The mother of Conrad Roy, a Massachusetts teenager who died of carbon monoxide poisoning after locking himself in his truck following encouragement from his then-girlfriend, Michelle Carter, says, “My pain will always be the same.”
“I wake up each and every day with pain and heartache living without Conrad,” Roy’s mother, Lynn Roy, said in an exclusive statement to ABC News’ “20/20.” “The same pain I felt the day Conrad died. Regardless of what happens to or where Michelle Carter is, my pain will always be the same.”
Conrad Roy was 18 when he died in July 2014 after locking himself in his truck. On Thursday, Carter was sentenced to 2.5 years after she was convicted of involuntary manslaughter in Roy’s death earlier this year.
“He was the most selfless giving person I have ever met,” Lynn Roy said in the statement. “He was humble and always strived to help others.”
She said she hopes a new law called “Conrad’s Law” can allow “his legacy to live on.”
She did not elaborate on what she hopes the law would be, but said in the statement, “I want to counter all of the negativity Michelle has brought to this world with some of Conrad’s positivity.”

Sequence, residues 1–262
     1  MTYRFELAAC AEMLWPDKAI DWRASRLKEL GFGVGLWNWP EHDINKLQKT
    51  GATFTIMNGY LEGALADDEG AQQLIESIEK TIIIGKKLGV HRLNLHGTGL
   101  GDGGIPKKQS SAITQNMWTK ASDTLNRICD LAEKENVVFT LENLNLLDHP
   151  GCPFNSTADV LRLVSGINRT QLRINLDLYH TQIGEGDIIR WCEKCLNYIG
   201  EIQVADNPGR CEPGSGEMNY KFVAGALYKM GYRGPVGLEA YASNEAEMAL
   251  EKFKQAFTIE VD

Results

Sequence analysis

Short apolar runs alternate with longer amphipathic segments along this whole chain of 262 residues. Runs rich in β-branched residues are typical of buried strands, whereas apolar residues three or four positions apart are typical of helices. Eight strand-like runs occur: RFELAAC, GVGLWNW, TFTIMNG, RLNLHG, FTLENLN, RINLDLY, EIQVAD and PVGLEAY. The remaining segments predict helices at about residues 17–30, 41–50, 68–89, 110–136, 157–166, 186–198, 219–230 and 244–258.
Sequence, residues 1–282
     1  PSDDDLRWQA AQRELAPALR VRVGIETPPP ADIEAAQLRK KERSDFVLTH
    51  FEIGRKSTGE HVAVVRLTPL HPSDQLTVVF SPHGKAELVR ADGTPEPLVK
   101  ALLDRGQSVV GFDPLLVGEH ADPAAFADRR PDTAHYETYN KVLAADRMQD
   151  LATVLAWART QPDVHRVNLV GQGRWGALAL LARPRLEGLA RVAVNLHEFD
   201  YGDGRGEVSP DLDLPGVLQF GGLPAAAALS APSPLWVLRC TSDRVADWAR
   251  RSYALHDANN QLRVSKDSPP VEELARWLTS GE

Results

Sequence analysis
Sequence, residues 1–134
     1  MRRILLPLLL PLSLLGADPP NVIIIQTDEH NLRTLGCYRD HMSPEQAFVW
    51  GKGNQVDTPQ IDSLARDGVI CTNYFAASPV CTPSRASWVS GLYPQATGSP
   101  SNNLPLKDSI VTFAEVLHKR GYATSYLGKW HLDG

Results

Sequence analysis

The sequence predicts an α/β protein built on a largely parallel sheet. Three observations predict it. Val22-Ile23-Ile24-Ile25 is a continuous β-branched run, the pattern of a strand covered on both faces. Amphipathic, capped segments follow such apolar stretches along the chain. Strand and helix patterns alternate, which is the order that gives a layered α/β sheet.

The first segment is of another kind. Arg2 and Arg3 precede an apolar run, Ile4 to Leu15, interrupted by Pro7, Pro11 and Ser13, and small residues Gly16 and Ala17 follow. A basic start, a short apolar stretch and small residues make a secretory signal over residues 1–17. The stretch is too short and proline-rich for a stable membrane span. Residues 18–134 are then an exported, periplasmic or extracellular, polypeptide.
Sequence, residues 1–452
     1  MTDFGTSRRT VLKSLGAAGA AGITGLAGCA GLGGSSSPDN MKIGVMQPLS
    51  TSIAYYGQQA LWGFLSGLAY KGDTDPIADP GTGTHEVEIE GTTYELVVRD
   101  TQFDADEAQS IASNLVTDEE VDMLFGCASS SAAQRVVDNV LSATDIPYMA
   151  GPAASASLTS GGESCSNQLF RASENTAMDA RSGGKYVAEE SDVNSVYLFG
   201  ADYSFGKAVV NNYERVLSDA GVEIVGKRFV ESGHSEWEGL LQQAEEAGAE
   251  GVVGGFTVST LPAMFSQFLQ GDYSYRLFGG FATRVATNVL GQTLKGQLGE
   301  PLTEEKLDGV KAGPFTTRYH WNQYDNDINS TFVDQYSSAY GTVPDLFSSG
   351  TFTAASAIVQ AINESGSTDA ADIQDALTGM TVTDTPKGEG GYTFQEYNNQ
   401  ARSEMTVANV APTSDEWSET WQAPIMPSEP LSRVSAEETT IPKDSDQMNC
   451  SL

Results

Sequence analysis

When Carter, who was 17 years old and Conrad Roy’s girlfriend at the time of his death, went on trial this summer, the prosecution argued that she was reckless and caused his death by telling him to get back in the gas-filled car even though prosecutors said he didn’t want to die.
“I could’ve stopped him,” Carter texted a classmate two months after Conrad Roy’s death, according to testimony. Carter texted that she and Conrad Roy were on the phone at the time of his suicide when he “got out of the car … he was scared.” Carter texted that she “told him to get back in.”
Prosecutor Katie Rayburn told “20/20,” “What we know from the text messages is that she was trying to manipulate him and she wanted him to die. … This was calculated. ”
Prosecutor Maryclare Flynn told “20/20” that Carter “used him as a pawn in her sick game.”
“These friends that she had thought that she had and developed over the school year were now going off and doing their own thing, getting ready for college, working, and she was losing that attention, and so she needed something,” Flynn said.
Carter did a…